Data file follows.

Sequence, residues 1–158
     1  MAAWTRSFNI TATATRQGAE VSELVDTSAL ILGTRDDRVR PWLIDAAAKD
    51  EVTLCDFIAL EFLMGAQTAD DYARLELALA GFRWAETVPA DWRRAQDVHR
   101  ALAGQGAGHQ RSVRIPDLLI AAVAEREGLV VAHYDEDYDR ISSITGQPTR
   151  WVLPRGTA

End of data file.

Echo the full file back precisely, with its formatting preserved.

Sequence, residues 1–158
     1  MAAWTRSFNI TATATRQGAE VSELVDTSAL ILGTRDDRVR PWLIDAAAKD
    51  EVTLCDFIAL EFLMGAQTAD DYARLELALA GFRWAETVPA DWRRAQDVHR
   101  ALAGQGAGHQ RSVRIPDLLI AAVAEREGLV VAHYDEDYDR ISSITGQPTR
   151  WVLPRGTA